The Lebanese Court of Cassation overturned a 2022 appeal decision that was in favor of Fransabank against two of its depositors, Ayad el-Gharabaoui Ibrahim and his wife Hanane Maroun al-Hajj Ibrahim.
The latest appeal, filed on behalf of the two depositors by lawyer Rami Olleik — founder of the Moutahidoun ("United") lawyers' collective — challenged the legality of the Appeals Court's suspension of an order issued in March 2022 by Beirut Enforcement judge Mariana Anani.
In practical terms, this means that the Court of Cassation did not rule on the claims of the two applicants, returning this decision to the original court. Rather, the Court of Cassation ruled that the Court of Appeal was wrong to suspend the original judge's seizure and execution order against Fransabank.
The case began when Fransabank attempted to pay out the Ibrahims' deposits — several tens of thousands of dollars — in the form of a bank check, which cannot be cashed without incurring a significant loss in value through the Lebanese banking system. The Ibrahims then tried to obtain a court order forcing Fransabank to turn over their savings at their real market value.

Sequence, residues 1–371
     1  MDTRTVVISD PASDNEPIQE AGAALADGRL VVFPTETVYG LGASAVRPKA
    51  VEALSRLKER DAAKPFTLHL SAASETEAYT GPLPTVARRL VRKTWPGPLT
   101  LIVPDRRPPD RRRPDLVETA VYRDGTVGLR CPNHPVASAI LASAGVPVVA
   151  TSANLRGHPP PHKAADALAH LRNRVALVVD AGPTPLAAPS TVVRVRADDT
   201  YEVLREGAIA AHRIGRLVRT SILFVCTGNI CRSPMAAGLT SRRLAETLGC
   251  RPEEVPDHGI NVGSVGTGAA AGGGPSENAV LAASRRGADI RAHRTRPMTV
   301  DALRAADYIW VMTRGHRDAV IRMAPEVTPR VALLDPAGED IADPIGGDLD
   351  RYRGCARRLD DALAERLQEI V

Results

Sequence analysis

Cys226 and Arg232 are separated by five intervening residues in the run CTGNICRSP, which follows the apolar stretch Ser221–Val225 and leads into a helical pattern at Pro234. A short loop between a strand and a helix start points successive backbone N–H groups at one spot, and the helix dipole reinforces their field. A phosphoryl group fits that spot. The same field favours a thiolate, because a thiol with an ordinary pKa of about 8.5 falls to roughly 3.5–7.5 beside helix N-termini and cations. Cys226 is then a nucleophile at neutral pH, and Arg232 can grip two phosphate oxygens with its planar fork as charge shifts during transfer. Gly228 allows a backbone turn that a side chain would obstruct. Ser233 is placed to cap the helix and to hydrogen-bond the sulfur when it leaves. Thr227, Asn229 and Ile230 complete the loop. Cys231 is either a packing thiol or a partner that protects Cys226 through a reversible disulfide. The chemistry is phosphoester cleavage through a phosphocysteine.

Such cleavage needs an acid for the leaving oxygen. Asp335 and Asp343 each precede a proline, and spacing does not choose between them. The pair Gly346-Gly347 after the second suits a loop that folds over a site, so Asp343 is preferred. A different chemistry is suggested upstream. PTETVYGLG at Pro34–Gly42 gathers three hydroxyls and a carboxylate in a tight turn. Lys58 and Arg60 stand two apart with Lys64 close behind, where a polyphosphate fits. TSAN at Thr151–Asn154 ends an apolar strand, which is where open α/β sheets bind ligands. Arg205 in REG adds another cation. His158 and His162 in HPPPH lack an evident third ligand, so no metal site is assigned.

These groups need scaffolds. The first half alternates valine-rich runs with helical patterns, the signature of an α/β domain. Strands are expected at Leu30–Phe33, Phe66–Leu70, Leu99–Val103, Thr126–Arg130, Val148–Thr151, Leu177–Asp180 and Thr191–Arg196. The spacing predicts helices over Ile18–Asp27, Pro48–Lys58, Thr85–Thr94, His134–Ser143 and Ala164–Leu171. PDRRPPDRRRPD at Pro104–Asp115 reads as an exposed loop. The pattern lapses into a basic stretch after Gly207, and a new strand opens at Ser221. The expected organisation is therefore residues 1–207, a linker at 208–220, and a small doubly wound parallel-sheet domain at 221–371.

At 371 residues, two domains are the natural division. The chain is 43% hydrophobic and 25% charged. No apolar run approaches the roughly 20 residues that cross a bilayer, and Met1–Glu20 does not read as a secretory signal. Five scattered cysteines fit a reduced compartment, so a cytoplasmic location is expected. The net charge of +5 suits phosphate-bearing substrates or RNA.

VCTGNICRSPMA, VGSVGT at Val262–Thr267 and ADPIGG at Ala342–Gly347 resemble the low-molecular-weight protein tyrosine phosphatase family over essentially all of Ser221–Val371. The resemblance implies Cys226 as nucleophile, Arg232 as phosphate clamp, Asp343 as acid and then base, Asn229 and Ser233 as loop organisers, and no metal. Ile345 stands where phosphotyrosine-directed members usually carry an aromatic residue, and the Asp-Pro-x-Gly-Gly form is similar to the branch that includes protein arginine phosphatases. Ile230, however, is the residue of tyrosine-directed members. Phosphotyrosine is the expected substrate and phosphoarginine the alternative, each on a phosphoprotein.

The case made a lot of noise in March. Fransabank had suspended its activities following a seizure and execution order allowing the court to seal its assets while the dispute with the two depositors was ongoing.
Banks went on strike to show their solidarity, and the case was at the center of a cabinet meeting.
On Friday, Fransabank told L'Orient-Le Jour that all its branches were closed, but that its ATMs and its internal services were working.
Contacted by L'Orient-Le Jour, Olleik referred to a "historic" decision of the Lebanese courts, recalling that only depositors who went to court abroad had succeeded in asserting their rights against the banks that restricted access to their deposits— a widespread illegal practice but imposed at the beginning of Lebanon's economic crisis.
The banks have always stressed the responsibility of the state in their liquidity crisis, pointing to its default on foreign currency debt in March 2020 and the fact that no capital control law has been passed.